The life of a grouse beat keeper

With this year’s grouse sea­son well and truly un­der­way, Char­lie Matthews takes a break from his gamekeeping chores to look back at his beat keep­ing days on a York­shire moor

Sporting Shooter - - Keeper’s Diary -

Ispent pretty much the whole of my twen­ties on a well-known York­shire grouse moor as a beat keeper – worlds apart from my cur­rent pheas­ant keeper­ing days.

The Glo­ri­ous Twelfth of Au­gust is the start of the sea­son and, al­though it ends on 10 De­cem­ber, very few will shoot to the end as it all de­pends on when you run out of grouse. By this, I don’t mean that ev­ery sin­gle one on the place is shot as enough will need to be left for the num­bers to re-es­tab­lish. This year, the in­dus­try has been re­port­ing that there are a num­ber of shoots who have cho­sen not to shoot any at all be­cause the num­bers are so low.

The big­gest three fac­tors which af­fect grouse are habi­tat, ver­min and the weather – the last be­ing the most im­por­tant. The weather will af­fect when the grouse start lay­ing with the main hatch tra­di­tion­ally be­ing the last May bank hol­i­day, so for grouse shot in mid-Au­gust, the young birds are only around 12 weeks old.

If the hatch is late, the shoot­ing will be de­layed. In bad years for rear­ing, there may be a warm start which brings the bird into lay sooner, fol­lowed by very wet weather or very cold weather, which can dev­as­tate hatches. Al­though grouse can deal with the cold well, be­ing an arc­tic bird, the hen bird needs to have time off the nest each day to feed and drink etc and dur­ing this time the eggs can chill very quickly, killing the de­vel­op­ing chicks inside. One year in York­shire, we were find­ing frozen eggs in -4°C at the end of May.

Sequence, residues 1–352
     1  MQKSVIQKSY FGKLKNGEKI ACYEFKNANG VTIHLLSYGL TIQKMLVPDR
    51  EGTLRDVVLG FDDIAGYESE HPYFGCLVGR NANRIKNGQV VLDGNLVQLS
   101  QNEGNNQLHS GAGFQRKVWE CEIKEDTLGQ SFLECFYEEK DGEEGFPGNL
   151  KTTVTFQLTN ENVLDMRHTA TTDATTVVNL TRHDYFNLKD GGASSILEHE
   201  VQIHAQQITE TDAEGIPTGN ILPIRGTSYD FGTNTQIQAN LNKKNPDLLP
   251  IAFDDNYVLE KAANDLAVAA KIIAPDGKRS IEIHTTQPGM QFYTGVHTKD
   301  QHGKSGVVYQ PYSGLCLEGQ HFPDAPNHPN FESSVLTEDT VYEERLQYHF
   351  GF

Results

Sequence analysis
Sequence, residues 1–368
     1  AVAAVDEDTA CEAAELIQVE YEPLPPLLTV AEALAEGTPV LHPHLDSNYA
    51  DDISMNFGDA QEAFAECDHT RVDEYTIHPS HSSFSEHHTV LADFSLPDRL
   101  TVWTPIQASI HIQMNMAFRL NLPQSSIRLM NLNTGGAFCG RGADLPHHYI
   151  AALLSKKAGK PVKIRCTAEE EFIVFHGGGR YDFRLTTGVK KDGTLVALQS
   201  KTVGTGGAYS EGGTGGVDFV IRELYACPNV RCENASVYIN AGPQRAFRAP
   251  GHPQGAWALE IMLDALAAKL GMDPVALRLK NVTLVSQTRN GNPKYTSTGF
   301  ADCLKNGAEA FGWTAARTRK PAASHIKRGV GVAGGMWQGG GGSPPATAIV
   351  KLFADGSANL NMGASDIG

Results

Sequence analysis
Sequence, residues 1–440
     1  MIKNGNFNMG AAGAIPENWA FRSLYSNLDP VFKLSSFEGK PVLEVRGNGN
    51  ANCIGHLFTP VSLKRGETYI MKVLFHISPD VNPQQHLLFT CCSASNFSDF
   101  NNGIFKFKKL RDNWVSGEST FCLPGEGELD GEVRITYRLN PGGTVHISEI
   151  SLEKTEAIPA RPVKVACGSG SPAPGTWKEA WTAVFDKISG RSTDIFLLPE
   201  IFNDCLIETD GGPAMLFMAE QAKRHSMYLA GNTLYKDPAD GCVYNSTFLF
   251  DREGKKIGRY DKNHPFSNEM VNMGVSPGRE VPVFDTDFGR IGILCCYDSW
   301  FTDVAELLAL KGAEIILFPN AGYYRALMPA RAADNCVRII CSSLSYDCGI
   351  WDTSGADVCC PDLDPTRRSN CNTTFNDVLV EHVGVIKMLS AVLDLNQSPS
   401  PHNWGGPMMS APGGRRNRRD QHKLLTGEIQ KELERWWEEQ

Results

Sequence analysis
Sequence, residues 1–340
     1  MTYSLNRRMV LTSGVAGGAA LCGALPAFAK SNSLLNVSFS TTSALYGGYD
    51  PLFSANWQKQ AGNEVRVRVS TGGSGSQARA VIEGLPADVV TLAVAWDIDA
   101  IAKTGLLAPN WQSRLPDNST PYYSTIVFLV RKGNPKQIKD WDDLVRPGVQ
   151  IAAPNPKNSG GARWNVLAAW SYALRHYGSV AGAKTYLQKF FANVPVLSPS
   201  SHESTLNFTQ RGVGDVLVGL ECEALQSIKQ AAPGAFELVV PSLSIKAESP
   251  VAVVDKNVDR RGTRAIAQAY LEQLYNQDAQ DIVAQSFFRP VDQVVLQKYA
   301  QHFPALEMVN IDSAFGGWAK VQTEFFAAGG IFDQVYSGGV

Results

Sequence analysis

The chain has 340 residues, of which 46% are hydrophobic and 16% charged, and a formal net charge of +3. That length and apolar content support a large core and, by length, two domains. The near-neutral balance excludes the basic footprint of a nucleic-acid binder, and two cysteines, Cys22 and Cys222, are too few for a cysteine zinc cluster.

If it is a bad year, some moors will only end up shoot­ing a cou­ple of days or can­celling com­pletely. It sounds dis­heart­en­ing when a year’s worth of work doesn’t end with shoot­ing, but this is the way of grouse keeper­ing: long pe­ri­ods of work for short shoot­ing sea­sons. Even in good years, some moors will shoot ev­ery day for one or two weeks and then stop rather than spread­ing it

out over sev­eral months.


As soon as shoot­ing stops, grit­ting be­gins. Grit is key for grouse man­age­ment as it is es­sen­tial for the grouse to be able to di­gest the tough heather. It is the only way of med­i­cat­ing the birds for things such as worms as no feed­ers or drinkers are put down. Be­fore the shoot­ing sea­son starts, the med­i­cated side is shut off to al­low time for the with­drawal. Ev­ery box will be cleaned, washed and re­filled, all in the mid­dle of the moor.

My beat cov­ered 4,000 acres out of a to­tal of 13,500 acres of heather. I would start grit­ting as soon as our shoot­ing sea­son ended and it would take me six weeks to do all my boxes.

Top-ups through­out the year and then the shut off of the med­i­cated sides be­fore shoot­ing would mean that three out of ev­ery 12 months is ded­i­cated to grit­ting.

Beat­ing com­mu­nity